The progression we have here today is B minor 7, E minor 7 that repeats, G major 7 here up around the 10th fret, and then these 2 little chords I just mentioned, the F sharp 7sus4, and the F sharp 7.
Back to your B minor 7 and those 2 again that I just said, the F sharp 7sus4 and the F sharp 7. Most of the time, when we play blues licks, we’re playing around our dominant 7th chords, usually our E7 shape, and E without the little finger, and our A 7 shape that I just mentioned there on the – if we were on B we’d have B7, E7, and F sharp 7. Those would be what we would play over for a 12 bar, but I like to play over a minor blues progression.
Let’s have a look at this example. Hopefully it brings some new ideas. Also, you can add in hammer-ons and pull offs and slides, and anything to this that you want. I’ve done it quite straight, so you can play some nice B.B. King style licks over it . Let’s check it.
Example 2 is around a technique as we always look at. Today is not a massive technique, but it’s a little thing that B.B. King does that make it instantly recognizable. What he basically does is wherever you are playing, today’s licks are around B minor pentatonic, around the 7th fret 1st position, this lick. He goes up an octave to get the root note. In this case, the 19th fret plays that a few times, and then he brings that back into his normal position that he’s working around.
This lick here, you’re going to play the 19th fret a few times, really milk that root note, nothing major, but classic B.B., and then moving into the silky smooth vibrato, bends, and everything. The touch and the control from this one is fun. I really like playing this lick, and you’ll instantly know who it is play when I play this one.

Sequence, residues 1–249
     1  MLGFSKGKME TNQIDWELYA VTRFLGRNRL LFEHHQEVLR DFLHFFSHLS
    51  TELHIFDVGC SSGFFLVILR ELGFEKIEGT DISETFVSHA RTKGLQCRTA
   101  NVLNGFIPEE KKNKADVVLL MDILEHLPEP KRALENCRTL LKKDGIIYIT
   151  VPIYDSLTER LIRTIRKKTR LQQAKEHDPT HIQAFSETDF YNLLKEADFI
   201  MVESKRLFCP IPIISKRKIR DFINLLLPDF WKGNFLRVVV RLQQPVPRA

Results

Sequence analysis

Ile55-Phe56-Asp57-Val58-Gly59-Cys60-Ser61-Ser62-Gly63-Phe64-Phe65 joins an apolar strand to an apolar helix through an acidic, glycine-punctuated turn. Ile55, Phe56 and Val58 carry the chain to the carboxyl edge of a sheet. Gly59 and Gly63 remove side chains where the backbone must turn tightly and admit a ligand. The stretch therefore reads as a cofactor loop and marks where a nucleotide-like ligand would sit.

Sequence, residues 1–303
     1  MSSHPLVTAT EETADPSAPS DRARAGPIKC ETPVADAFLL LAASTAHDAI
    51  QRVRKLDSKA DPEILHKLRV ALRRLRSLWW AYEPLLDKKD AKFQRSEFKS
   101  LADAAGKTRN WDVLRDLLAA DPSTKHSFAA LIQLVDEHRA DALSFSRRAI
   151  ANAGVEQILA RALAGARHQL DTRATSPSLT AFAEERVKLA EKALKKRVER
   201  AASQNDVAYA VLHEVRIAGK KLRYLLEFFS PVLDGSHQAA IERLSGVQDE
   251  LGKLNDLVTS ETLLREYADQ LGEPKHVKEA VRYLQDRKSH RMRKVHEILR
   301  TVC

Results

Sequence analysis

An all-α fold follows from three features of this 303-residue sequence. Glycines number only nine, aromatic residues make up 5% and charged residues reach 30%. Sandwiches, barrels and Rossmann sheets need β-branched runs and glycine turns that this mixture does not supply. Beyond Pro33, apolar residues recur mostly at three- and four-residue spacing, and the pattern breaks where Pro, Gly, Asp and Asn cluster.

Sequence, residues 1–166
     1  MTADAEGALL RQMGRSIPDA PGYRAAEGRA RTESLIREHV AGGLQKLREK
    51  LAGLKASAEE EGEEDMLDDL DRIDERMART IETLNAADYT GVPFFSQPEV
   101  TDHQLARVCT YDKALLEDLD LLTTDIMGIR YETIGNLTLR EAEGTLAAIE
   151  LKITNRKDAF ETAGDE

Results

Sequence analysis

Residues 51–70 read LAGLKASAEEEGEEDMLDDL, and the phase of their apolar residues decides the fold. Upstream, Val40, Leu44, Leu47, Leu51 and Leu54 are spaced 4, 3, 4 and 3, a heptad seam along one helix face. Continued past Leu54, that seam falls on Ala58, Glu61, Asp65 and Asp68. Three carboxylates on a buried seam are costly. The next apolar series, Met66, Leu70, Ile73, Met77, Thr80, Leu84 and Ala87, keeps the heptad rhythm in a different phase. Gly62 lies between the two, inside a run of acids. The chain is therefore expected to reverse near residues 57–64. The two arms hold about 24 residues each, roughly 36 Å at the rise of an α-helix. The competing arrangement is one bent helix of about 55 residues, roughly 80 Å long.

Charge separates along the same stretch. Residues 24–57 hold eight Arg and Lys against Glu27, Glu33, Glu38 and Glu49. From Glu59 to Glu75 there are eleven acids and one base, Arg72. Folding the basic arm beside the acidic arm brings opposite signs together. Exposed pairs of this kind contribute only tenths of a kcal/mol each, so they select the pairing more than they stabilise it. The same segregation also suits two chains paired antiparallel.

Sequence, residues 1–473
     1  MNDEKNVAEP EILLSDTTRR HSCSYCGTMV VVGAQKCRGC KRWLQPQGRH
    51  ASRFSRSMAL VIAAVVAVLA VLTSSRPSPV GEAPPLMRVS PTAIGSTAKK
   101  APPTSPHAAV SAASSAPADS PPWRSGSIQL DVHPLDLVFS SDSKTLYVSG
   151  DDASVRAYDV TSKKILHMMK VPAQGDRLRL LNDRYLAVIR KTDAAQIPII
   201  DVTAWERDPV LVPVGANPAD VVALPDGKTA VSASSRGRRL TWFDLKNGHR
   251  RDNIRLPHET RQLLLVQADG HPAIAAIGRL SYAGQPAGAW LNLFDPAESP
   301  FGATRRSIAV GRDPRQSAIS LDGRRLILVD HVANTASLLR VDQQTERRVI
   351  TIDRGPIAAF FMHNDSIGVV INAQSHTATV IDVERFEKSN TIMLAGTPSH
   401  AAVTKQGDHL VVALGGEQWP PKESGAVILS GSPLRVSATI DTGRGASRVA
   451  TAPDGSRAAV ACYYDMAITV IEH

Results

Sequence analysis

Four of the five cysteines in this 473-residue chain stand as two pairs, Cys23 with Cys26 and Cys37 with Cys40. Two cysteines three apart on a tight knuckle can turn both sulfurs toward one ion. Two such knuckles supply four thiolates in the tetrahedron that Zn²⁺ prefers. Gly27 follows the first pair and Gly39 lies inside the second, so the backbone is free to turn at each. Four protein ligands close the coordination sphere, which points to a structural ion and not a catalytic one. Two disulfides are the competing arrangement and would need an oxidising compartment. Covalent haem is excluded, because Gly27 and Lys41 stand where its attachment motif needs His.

Let’s have a look at that one too.
Example 3 is in the style of. Today I’ve made is fairly simple, but again following the same theme of milking every note that you have. We start off in position 1 of the B minor pentatonic. We’re going to slide 10 to 12, moving into the 2nd position. Then we start to work on these little bends on the top E string, chord to tone bends, and then having a little passing note, and then loads of bends at this 12th fret, the E to the F sharp there, on the top string, and he really likes to use this bend, this 2nd position bend.
If you’re used to just playing around with your position 1, you can try to start to add in some position 2 licks as well, and then just ends with a tiny little slide on the end there to the B on the 2nd string.
Again, not a complicated lick, but see what you can get out of it, and as I always say to these licks, make sure you move them into as many keys as you can, so they’re useful. Move it into G minor, and just try moving these around, and then do the lick 2 there as well, and then do your minor blues progression there as well.
Hopefully these 3 licks will give you something new to try out, but really work on your expressive touch control, and musical versatility. Take care.
Hi everyone, thanks for watching this video on B.B. King style licks. I really hope you’ve got something from it. As I always say, go and check out Joseph’s unbelievably awesome guitar, free guitar lesson website, Fundamental Changes. Go and subscribe to my YouTube Channel, SDPguitar, where I bring you awesome bite-sized guitar lessons for free with tabs. Check it out.